Vic turned her attention to the possibilities for cross-regional collaborations across the north of England. While the British Library are connected to a variety of local library groups across England, Scotland, and Wales, there was no evidence of smaller, regional connections between these groups. In discussion with researchers from the School of Advanced Study (London), and the John Rylands Research Institute (Manchester), Vic worked with the themes identified by Kevin and the Leeds Special Collections teams to design activities and events that would bring people across Yorkshire, Greater Manchester, and Lancashire together. While we typically think of migration as crossing oceans, Vic’s explorations focussed on smaller patterns of migration between regions of the north of England, based on her previous research on historical friendly rivalries and industrial identities. She designed activities for simultaneous events to bring different local communities together around the themes of the manuscript illustrations. The creative activities she proposed, based on her experiences working with heritage organisations, will be flexible enough to be adapted for different language and mobility needs.
Manuscript of the Gulistan and Bostan of Sadi written at Lucknow. Arabic, Islamic and Middle Eastern Studies Manuscript Collection. This manuscript by the celebrated medieval poet Sheikh Saadi Shirazi dates to around the 13th century and is written in Persian. The text surrounds the image which depicts an official meeting, as the figure third from the right is on a throne. Image credit Leeds University Library.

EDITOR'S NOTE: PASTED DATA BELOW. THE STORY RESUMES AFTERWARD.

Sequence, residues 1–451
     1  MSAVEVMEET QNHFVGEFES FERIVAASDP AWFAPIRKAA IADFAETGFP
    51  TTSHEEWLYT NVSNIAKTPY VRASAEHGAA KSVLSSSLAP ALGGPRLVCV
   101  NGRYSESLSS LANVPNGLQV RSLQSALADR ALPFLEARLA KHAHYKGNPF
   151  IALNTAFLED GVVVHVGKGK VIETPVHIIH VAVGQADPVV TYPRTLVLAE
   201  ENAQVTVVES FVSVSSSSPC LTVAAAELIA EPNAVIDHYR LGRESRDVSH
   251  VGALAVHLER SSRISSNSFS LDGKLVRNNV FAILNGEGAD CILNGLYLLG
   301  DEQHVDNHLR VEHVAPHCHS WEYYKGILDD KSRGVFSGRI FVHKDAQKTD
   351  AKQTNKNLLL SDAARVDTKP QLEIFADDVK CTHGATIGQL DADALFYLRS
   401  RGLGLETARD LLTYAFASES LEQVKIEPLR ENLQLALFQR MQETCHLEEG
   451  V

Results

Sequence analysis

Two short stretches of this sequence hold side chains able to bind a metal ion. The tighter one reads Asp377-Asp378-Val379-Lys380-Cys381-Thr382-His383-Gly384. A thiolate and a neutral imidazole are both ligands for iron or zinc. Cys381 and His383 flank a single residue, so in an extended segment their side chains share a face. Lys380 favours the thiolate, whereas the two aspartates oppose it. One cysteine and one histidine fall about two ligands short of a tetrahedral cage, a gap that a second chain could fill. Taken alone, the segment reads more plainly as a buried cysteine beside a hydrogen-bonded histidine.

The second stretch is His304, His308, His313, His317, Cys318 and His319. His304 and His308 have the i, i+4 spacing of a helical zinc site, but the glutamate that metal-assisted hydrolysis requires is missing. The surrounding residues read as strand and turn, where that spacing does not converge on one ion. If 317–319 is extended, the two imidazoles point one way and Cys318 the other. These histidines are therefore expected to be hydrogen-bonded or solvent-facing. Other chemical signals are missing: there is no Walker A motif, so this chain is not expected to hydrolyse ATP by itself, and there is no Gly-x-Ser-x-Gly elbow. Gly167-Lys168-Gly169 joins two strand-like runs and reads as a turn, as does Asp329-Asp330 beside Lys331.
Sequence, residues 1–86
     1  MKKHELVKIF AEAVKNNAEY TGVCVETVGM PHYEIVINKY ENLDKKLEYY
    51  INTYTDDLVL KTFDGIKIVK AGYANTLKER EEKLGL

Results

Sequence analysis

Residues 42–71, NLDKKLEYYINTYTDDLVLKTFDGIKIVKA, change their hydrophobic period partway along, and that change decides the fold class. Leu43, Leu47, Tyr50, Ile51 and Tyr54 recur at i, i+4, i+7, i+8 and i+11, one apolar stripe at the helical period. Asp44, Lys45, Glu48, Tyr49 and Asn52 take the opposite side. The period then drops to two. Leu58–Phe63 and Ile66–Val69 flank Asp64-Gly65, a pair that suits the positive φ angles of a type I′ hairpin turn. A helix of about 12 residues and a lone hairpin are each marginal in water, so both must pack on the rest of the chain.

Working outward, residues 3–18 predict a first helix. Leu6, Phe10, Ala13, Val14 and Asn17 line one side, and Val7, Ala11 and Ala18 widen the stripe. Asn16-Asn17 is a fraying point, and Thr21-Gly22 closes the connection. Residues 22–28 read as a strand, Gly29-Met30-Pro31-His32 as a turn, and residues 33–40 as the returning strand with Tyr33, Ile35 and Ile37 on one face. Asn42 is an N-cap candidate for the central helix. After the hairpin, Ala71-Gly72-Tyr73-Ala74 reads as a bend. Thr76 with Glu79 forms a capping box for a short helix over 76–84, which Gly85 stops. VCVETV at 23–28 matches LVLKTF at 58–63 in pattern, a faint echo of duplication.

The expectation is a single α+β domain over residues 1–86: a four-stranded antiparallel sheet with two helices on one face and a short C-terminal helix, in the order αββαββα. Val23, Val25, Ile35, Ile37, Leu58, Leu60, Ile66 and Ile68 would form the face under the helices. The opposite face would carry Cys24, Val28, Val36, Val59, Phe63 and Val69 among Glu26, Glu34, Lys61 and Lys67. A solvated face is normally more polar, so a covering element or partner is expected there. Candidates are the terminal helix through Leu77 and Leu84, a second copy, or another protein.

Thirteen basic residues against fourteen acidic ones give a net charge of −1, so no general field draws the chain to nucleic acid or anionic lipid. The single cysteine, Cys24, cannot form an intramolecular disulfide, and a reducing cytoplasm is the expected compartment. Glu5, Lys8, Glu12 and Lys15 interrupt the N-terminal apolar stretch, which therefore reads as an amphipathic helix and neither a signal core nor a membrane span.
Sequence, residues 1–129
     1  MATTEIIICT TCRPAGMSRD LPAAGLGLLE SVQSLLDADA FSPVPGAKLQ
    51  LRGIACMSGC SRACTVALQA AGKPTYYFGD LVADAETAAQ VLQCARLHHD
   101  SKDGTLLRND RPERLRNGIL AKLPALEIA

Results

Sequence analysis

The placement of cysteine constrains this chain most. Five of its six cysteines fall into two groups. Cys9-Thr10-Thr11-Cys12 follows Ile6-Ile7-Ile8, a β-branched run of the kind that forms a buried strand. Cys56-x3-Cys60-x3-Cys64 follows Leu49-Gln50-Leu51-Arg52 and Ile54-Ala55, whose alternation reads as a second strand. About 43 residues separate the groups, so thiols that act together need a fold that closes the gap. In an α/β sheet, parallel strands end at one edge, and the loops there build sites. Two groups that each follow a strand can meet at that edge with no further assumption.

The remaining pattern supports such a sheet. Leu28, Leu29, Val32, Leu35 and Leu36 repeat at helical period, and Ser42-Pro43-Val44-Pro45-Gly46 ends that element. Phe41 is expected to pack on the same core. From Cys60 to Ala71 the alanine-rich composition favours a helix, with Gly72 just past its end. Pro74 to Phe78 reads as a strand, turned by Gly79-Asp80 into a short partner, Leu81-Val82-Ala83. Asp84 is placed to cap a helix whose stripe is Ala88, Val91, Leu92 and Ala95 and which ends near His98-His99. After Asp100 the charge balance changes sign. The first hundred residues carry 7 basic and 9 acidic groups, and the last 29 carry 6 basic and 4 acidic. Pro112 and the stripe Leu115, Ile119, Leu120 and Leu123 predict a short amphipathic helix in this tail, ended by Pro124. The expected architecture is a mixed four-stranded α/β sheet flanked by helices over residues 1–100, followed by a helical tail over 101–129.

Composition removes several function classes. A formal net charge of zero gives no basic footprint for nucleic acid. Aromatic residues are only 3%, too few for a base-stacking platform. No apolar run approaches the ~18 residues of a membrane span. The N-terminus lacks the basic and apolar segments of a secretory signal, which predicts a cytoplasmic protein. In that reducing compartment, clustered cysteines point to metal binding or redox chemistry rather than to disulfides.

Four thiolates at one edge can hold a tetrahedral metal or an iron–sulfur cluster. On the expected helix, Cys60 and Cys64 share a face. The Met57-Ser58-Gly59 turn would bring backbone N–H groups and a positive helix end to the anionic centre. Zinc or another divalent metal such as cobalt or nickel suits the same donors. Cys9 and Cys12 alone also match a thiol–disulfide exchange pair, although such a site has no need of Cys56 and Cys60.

While the primary aim of the project is to work with disengaged communities who might not have access to the materials found in the Leeds Special Collections, Arththi sought to develop collaborative partnerships with local grassroots organizations across Leeds. Due to the thematic focus of ‘Migration and Global Identity’, it is imperative that this project works closely with local organizations who centre the voices of various migrant communities who themselves are hybrid citizens, thus speaking to the core theme of this project. Leeds is a historic hub for a range of diverse communities, thus solidifying its position as a multicultural city, as well establishing links to the diverse range of materials in the Brotherton Library.
Based on discussions with local community groups such as Mafwa Theatre, Bradford Grand Mosque, SOLACE (refugee and asylum seeker support), and Hamara Healthy Living Centre, she found that many ethnic minority groups in Leeds are not aware that the rich holdings within the Brotherton Library and the city’s museums and galleries are widely available to the public, and largely free to access. The scoping work Arththi carried out draws upon her own research on migration, diaspora and transnationalism, and the activities she proposed, such as reading as therapy and cross-cultural multi-faith dialogues, build off these organizations’ established outreach work to create sustainable impact by bridging the gap between academia and local activism.
These illustrated manuscripts are hidden treasures and provide an educational opportunity for disenfranchised groups to engage with these materials in enriching ways. This demonstrates how we can view the illustrations in these manuscripts to tell stories that connect to contemporary communities, but, most importantly, make academic materials accessible to non-specialist audiences.